Archive | October, 2013

Weekly Snapshots

18 Oct

While I mourn the end of summer and its ruby red strawberries and juicy tomatoes, Fall foods excite me. I love hearty soups and roasts, spice cakes that fill the kitchen with an enticing aroma, and all things pumpkin. When pumpkin puree lines the shelves at Trader Joe’s, I become giddy thinking about all the possibilities: pumpkin bread my sister and I have made every year since second grade, pumpkin pancakes, and pumpkin sheet cake with cream cheese frosting.

This week, I celebrated a chilly Fall night with homemade white bean soup. Beans are life-chaging when it comes to cooking in college. They are simple, versatile, and very filling. My roommate and I enjoyed this soup alongside a loaf of crusty bread and great conversation.

I would love to know, what do you cook to celebrate Fall?

The garden in my front yard feels like a magical wonderland.

I loved building these custom-made pies from Blaze Pizza.

Less-than-scorching temperatures prompted a visit to my favorite shabu-shabu house in Downtown L.A.

A casual morning drive behind a horse carriage. My suburban hometown is becoming the next NYC.

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A College Student’s Guide to Farmers’ Markets

11 Oct

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In the first edition of “Weekly Snapshots,” I expressed joy upon discovering my university’s on-campus farmers’ market. I was so excited that I bought everything that caught my eye, not planning how I would utilize all of my new ingredients. I returned to my apartment with a motley of produce and artisan products, much of which spoiled because I had overestimated how much I could consume. Since that first visit, I have learned to approach the farmers’ market with a college student’s outlook. In this comprehensive guide, I provide students with advice and essential tips for navigating farmers’ markets on a budget.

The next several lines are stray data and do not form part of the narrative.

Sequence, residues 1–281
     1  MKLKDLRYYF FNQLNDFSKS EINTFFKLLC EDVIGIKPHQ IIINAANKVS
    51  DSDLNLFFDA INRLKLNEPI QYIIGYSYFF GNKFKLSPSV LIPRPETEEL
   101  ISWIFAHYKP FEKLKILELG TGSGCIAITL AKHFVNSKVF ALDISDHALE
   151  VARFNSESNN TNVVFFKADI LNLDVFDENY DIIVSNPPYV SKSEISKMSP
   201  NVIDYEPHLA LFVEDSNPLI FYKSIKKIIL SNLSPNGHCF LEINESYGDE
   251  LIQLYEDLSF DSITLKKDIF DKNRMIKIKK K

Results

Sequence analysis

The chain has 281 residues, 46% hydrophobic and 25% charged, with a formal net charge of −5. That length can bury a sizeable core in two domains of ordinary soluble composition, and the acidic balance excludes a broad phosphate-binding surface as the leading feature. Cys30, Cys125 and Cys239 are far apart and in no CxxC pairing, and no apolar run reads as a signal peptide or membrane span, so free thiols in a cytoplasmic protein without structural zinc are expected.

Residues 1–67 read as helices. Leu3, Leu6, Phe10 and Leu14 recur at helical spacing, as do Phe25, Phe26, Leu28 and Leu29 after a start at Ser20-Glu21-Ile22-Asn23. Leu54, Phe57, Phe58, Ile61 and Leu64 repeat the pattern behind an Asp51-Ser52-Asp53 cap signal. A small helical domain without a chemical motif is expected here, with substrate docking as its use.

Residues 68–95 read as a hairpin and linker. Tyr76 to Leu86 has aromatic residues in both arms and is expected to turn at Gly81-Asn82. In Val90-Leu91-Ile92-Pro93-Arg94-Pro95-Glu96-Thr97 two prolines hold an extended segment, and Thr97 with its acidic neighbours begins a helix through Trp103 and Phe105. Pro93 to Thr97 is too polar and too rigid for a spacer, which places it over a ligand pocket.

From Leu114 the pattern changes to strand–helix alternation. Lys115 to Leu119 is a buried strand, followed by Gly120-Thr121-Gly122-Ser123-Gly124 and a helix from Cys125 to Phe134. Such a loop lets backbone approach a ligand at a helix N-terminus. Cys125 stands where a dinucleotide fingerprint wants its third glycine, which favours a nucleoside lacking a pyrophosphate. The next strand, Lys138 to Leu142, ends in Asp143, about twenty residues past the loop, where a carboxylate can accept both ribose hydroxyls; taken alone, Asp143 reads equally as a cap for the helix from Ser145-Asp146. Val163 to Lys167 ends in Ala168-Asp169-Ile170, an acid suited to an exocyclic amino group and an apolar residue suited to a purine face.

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1. Choose produce wisely. The farmers’ market should be your one-stop shop for fresh produce. As a student, you must select items that will stay fresh throughout the week and easily transform into meals. I recommend sturdy fruits and vegetables such as apples, citrus, carrots, zucchini, and squash. Steer clear of produce that ripens quickly, such as stone fruits and tomatoes. As tempting as that $5, three-pack of ruby-red strawberries is, remember that it will become a mushy mess in less than two days.

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2. Sample with discretion. Everyone loves free stuff, and college students rarely turn down free food. Despite your urge to stick a toothpick into every sample, you should only taste items that you wish to purchase. You do not want to reach a state of palate overload–when all of the flavors have morphed together and you have forgotten which fruits reigned supreme.